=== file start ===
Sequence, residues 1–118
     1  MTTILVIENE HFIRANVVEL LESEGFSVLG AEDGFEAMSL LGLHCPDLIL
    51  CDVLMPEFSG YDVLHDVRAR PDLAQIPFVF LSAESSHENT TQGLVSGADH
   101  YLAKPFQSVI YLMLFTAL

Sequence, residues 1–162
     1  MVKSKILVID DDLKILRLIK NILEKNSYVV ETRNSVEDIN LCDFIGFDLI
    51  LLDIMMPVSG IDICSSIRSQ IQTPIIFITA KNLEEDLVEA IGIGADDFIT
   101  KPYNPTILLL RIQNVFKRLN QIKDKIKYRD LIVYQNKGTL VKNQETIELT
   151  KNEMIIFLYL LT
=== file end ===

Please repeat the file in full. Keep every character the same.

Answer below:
Sequence, residues 1–118
     1  MTTILVIENE HFIRANVVEL LESEGFSVLG AEDGFEAMSL LGLHCPDLIL
    51  CDVLMPEFSG YDVLHDVRAR PDLAQIPFVF LSAESSHENT TQGLVSGADH
   101  YLAKPFQSVI YLMLFTAL

Sequence, residues 1–162
     1  MVKSKILVID DDLKILRLIK NILEKNSYVV ETRNSVEDIN LCDFIGFDLI
    51  LLDIMMPVSG IDICSSIRSQ IQTPIIFITA KNLEEDLVEA IGIGADDFIT
   101  KPYNPTILLL RIQNVFKRLN QIKDKIKYRD LIVYQNKGTL VKNQETIELT
   151  KNEMIIFLYL LT